Texcoco

Texcoco

Saturday, March 7, 2015

My Dad's Trip to Mexico (Part Two)

 
(A continuation of my previous post in which I describe the trip my dad and I took in 1975)
 
 
After several days in Mexico City, we headed east in a rental car.  Back in those days there were very few four-lane highways in Mexico.  Most of our journeys were on two lane roads.
 
We went to Cholula, two hours from the capital.  Here I had attended the University of the Americas a couple years before.
 
 
 
Me at the campus of my old school
 
 
 
Dad in front of the Pyramid of Cholula
 
 
We went to the nearby town of Tlaxcala and spent a couple days with a family that I had met during my student days.
 
 
The beautiful Basilica of Ocotlán in Tlaxcala
 
We then continued eastward to the city of Jalapa, the capital of the state of Veracruz.  The wife of one of my Spanish professors in Ohio was originally from Jalapa, and we visited her family there.
 
 
 
Dad looking at the dahlias in the garden of a former coffee plantation outside of Jalapa.
 
 
Dad really enjoyed visiting these places that were off the typical tourist route, and he was really impressed with the warm hospitality that my friends showed us.  He didn't speak any Spanish, so I was kept busy acting as interpreter.
 
From Jalapa we made a long journey on twisting roads westward until we reached Taxco, an old, colonial, silver-mining town.  We wandered the cobblestone streets on foot, and visited some of the many silver shops.  Dad bought a silver ring with his birthstone, a ring which I still have and frequently wear.
 
 
 
Dad on the terrace of our cliff-side hotel in Taxco
 
 
He was impressed with the colonial architecture of Taxco, especially the ornate Church of Santa Prisca, built in the 1700s by a wealthy silver mine owner.
 
 
From Taxco we headed south to the resort city of Acapulco.  This was long before the modern four-lane highway that now runs to Acapulco.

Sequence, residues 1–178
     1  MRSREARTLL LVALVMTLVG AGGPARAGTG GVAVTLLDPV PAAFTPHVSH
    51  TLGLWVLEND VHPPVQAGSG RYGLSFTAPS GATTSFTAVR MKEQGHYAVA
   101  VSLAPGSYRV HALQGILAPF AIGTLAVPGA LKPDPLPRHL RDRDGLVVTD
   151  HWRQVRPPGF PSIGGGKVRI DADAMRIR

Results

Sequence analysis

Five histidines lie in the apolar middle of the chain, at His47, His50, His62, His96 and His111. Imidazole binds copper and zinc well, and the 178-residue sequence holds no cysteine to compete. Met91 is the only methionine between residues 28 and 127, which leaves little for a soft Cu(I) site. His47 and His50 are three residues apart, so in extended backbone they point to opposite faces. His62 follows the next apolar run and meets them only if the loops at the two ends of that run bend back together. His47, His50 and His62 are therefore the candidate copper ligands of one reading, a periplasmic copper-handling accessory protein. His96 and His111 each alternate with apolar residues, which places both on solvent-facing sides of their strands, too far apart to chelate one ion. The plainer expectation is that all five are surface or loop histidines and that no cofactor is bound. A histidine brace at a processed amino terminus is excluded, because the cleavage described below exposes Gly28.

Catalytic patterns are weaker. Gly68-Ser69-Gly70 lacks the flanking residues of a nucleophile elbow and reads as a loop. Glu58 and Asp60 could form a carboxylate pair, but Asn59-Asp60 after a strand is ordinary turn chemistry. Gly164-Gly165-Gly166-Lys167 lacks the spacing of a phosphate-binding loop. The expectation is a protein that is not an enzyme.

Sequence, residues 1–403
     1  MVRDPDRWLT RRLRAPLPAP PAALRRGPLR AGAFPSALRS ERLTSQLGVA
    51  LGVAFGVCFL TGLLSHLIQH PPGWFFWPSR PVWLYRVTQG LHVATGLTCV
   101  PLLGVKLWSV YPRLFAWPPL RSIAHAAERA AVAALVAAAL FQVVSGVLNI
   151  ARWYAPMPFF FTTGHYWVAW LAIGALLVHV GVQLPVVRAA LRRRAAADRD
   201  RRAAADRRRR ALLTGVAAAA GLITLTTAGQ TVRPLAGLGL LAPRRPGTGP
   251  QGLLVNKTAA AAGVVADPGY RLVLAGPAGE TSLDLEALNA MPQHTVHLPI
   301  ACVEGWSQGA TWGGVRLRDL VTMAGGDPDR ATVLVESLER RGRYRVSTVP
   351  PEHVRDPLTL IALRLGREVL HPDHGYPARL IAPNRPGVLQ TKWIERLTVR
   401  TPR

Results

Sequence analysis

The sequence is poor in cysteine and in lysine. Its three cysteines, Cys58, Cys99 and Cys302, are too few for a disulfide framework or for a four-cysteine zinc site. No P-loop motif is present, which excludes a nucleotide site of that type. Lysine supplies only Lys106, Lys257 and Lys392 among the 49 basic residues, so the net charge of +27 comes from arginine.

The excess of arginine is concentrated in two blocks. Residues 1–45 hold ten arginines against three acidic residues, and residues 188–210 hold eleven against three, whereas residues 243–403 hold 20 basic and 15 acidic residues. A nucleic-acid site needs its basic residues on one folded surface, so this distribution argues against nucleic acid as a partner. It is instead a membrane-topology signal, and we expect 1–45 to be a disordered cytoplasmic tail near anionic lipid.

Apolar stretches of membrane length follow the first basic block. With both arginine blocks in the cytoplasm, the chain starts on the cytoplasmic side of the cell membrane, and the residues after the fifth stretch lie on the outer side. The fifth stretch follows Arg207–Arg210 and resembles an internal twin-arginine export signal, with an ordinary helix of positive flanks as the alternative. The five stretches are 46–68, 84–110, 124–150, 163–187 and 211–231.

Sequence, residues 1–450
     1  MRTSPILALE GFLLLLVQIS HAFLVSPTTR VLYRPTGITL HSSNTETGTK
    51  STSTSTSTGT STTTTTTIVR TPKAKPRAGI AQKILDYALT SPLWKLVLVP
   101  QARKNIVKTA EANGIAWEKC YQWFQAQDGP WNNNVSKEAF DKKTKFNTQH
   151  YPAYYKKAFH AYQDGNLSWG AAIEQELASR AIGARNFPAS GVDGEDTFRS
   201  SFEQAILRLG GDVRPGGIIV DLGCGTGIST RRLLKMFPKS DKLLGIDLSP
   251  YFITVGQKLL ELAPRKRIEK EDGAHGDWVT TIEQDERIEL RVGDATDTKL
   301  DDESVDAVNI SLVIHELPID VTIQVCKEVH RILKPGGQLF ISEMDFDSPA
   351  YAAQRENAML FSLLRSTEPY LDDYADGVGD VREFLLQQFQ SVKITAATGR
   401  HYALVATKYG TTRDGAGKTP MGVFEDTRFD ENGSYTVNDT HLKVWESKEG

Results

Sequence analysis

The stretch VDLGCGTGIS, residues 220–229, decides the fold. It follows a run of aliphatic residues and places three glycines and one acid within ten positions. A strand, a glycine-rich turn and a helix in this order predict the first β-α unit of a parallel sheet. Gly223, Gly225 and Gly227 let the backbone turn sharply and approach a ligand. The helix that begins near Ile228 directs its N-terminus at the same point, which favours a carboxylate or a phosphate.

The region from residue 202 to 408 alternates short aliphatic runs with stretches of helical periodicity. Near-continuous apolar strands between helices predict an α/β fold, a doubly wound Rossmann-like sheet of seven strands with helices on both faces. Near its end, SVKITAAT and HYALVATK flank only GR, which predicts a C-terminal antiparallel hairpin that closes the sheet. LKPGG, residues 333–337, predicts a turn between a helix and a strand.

We stopped along the way to take pictures of the enormous cacti by the road.
 
 
Back in those days, places like Cancun and Ixtapa did not yet exist.  Acapulco was the most famous beach resort in the country.
 
 

 
We stayed at this high-rise hotel, Hotel Caleta, which back then was a very nice place.
 
 
 
Dad went parasailing while we were in Acapulco.  For him, it was no big deal, since he was a paratrooper in World War II.  He tried to convince me to go parasailing, but I was chicken.  I told him that I would just stay on the beach and take pictures of him.
 
We flew home from Acapulco.  It was a great experience for both of us, and I had a chance to show my father the Mexico that I had grown to love. 
 







10 comments:

  1. I remember Mexico well in 1974. Aren't we lucky to have had these experiences early on? I treasure the memories.

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    1. It's hard to believe that I have been traveling to Mexico for over 40 years! Sometimes that first trip seems like it was just yesterday!

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  2. That sounds like a wonderful trip with your father. Thanks so much for sharing your wonderful memories.

    Saludos,

    Kim G
    Boston, MA
    Where we'd have liked to see Mexico before it became so 'modernized.'

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    1. I can remember back in the day when it was not uncommon to see a burro hitched up along the street in Cholula. Now Cholula is a suburb of Puebla. In some ways I sort of miss the "old" Mexico.

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  3. What a fantastic trip with your dad! And what an adventurous spirit!

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    1. My dad really enjoyed the trip, and I'm glad that beyond the tourist side he also got to see the real Mexico.

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  4. I just stumbled upon this. What a nice piece of nostalgia! I love it that those pics have survived the years!

    In your experience as a long-time visitor, how has Mexico changed over the years?

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    1. Oh my, it has changed so much in 40+ years! It was definitely a more third world country back then. The cities have grown enormously... I think Mexico City back then had a metropolitan population of 12 million. Everything is much more commercial now. I don't know if you are familiar with Chedraui, but back then it was ONE store in Jalapa. And of course, Walmart, Sam's Club etc., didn't exist in the U.S., much less in Mexico. The country has progressed in many ways, but I still sort of miss "old Mexico".

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  5. Hey I was there with my Dad too, from 1970 to 74. Did you ever take any classes with Bank?

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    1. I was at the University of the Americas during the winter quarter of 1973, but I don't remember anyone by the name of Bank.
      Thanks for visiting my blog, and for taking the time to comment.

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